So, it is now over 10 days since I finished my wonderful CELTA course and I have finally managed to finish my post about the fourth and final week of the course! As I have a chronic habit of starting scrapbooks/diaries/blogs and not quite finishing them, I was determined to at least have the closure of publishing this post!
Lots of lovely people in English Language teaching land told me that they didn’t think I would be able to do any tweeting, let alone any blogging during the course, so I am really pleased that I somehow managed to squeeze in enough time to document what turned out to be one of the best things I have ever done. I am also very happy to report that I somehow have been awarded a Pass A grade, so I feel I owe it to my course to finish documenting its awesomeness 🙂
This post, like the three before it, is basically just one outrageously long diary entry, but I have been working on some much shorter posts to summarise my feelings about the course generally, which I will link to here once they are finished. In fact, as I look now at my little writing box on WordPress, I can see that I am nearly at 7,000 words for this post, which is almost three times longer than the longest university essay I ever wrote! So I can only apologise for my terrible verbal diarrhoea problem in all of my four CELTA posts, and just hope that they are interesting at least to my boyfriend and parents, and perhaps helpful to one or two CELTA trainers intrigued as to how the course is run in other establishments!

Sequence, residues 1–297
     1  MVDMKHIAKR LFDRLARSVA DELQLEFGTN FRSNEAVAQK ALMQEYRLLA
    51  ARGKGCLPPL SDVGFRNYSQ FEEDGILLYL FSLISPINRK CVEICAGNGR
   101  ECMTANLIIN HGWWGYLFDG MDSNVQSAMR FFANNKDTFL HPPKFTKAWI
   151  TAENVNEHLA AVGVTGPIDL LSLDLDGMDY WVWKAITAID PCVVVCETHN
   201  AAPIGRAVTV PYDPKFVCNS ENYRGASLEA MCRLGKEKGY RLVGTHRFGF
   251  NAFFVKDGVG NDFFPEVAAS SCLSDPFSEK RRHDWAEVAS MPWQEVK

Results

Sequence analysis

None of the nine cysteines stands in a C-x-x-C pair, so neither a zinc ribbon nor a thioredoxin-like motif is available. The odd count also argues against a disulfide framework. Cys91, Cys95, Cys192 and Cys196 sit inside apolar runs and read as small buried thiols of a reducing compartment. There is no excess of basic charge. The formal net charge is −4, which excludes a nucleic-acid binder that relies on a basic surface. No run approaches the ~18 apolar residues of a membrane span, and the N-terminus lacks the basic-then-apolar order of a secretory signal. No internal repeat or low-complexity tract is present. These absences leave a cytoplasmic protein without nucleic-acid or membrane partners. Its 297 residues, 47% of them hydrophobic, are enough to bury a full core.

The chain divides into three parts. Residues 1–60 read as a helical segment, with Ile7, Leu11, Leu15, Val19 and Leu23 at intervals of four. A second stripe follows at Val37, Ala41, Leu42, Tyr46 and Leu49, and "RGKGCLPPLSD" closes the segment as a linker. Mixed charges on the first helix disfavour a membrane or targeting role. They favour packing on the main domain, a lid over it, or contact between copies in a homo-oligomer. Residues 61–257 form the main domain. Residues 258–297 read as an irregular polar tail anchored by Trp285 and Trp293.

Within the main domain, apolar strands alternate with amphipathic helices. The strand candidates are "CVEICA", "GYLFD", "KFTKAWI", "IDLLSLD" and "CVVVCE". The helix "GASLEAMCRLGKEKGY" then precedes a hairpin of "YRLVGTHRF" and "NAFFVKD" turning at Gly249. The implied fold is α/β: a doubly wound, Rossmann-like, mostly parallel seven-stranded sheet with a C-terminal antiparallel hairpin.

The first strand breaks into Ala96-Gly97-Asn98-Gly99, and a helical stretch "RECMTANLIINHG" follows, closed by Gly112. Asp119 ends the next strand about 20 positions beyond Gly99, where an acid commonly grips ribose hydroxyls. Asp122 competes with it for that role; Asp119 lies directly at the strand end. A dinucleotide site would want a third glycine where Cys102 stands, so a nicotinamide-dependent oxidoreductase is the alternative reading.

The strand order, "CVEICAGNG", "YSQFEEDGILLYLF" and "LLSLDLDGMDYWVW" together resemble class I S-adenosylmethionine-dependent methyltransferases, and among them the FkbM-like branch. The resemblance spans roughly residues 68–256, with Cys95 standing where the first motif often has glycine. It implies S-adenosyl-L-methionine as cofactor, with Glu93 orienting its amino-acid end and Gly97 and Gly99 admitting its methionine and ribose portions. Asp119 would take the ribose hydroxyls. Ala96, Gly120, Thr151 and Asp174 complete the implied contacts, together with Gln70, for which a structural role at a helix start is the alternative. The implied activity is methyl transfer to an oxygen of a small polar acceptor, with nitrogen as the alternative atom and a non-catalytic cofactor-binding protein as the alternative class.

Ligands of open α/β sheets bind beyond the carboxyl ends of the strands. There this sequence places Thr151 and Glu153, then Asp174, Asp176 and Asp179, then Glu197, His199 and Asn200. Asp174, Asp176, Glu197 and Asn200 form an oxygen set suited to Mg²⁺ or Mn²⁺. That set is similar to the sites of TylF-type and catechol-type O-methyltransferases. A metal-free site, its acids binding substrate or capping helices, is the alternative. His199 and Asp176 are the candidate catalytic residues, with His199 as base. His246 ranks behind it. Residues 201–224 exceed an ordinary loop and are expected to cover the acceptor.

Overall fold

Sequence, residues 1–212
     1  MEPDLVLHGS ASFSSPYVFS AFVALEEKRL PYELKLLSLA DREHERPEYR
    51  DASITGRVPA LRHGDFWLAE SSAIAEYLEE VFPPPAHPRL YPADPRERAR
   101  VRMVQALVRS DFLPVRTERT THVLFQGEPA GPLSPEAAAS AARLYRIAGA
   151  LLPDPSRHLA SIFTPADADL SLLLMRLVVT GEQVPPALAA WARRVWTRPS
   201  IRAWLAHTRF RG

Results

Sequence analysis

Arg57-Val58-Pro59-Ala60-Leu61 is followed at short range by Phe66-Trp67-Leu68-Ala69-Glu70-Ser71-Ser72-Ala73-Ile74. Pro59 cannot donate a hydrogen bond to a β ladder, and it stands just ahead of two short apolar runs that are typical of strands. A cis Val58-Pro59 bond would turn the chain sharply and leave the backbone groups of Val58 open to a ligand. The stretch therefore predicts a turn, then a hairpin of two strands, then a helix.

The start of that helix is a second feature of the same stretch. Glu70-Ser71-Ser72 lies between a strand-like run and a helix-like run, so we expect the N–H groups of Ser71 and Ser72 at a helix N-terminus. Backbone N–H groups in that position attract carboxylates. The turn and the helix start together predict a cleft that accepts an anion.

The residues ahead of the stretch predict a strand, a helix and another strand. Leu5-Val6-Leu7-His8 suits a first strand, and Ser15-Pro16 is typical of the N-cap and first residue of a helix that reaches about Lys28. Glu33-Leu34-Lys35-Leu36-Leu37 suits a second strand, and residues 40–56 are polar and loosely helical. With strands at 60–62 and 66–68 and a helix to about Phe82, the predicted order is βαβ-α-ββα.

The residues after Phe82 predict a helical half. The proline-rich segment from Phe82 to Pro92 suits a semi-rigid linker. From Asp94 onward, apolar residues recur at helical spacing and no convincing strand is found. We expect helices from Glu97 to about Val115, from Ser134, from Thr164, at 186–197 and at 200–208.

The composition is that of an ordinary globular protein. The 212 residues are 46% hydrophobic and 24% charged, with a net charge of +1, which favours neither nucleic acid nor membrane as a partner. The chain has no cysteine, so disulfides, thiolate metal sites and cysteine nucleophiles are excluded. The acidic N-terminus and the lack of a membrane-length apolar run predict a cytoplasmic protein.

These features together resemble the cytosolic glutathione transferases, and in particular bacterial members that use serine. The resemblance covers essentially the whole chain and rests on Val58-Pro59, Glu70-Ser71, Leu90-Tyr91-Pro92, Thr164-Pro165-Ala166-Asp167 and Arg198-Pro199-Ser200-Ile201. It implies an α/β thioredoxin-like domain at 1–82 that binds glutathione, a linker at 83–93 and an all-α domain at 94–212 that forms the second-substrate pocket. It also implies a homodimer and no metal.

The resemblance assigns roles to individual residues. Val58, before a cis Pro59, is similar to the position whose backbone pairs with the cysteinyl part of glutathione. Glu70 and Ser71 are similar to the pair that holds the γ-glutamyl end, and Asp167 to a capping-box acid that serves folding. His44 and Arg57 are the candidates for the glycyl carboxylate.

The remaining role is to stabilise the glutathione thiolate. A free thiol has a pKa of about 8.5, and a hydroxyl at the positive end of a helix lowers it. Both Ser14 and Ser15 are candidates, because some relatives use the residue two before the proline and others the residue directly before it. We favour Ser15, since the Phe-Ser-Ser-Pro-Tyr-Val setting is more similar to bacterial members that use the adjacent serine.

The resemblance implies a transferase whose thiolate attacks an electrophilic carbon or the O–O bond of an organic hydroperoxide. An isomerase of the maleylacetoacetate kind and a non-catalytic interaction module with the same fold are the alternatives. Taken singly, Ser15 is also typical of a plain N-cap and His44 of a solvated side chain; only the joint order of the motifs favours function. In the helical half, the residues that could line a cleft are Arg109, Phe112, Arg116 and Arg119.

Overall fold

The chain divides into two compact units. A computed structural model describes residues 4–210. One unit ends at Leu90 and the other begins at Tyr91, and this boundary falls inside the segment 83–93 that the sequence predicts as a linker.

As ever, all comments are welcome 🙂
CELTA Week Four
Day Sixteen: Monday 5th May
The One Where I Had To Teach a Spontaneous Second Lesson
The weekend had been a gorgeously sunny Berlin weekend: I managed a lovely run all around the government district and down to Museum Island on Saturday morning, and then worked my socks off to be able to spend the afternoon with Teresa, a lovely girl from Munich who I shared a flat with in Bilbao!
We had drinks in a beach bar alongside the River Spree in Kreuzberg with her boyfriend and generally enjoyed the sun. Then I worked all evening to atone for my leisure time! On Sunday I did largely the same: a run, some work and a lovely afternoon in Prenzlauer Berg with Sabrina and Alex eating Germknödel (dumplings) and ice cream from my absolute favourite place, Hokey Pokey.
The lovely weather continued into Monday, which was a muggy, muggy start to the week. By the time I got to school, I had taken off my coat and my cardigan and needed to cool down on the school balcony outside!
I printed out the many bits of paper I needed for my lesson in the afternoon and then our first input session of the day was about teaching total beginners. I had totally forgotten that, on the CELTA, this normally involves one of the trainers teaching us a language with which we are unfamiliar. We came in to see lots of glasses and drink-related paraphernalia on a table near the board and then I remembered what was going on!
Helen came in and said ‘morning’ to us in English, and then checked that none of us spoke Polish – Ingrid came the closest with Romanian, but as that language has a Latinate base, none of us knew anything similar to Polish so she went ahead and started to teach us an absolute beginners’ Polish lesson. She had told us that she was going to teach us for about forty minutes, but what I wasn’t prepared for was just how fast those forty minutes would fly by!
She started by teaching us ‘good day’ and ‘good evening’ by drawing a sun and a moon on the board and making us repeat them a lot. Then she moved across to the table and started teaching us the words for ‘beer,’ ‘orange juice,’ ‘mineral water’ and the all-important ‘vodka!’ She still hadn’t written anything on the board by this point except the sun and the moon, and was just teaching us by choral drilling and individual drilling, correcting when pronunciation was so bad that a Polish person wouldn’t have understood (so she told us later in English, anyway.)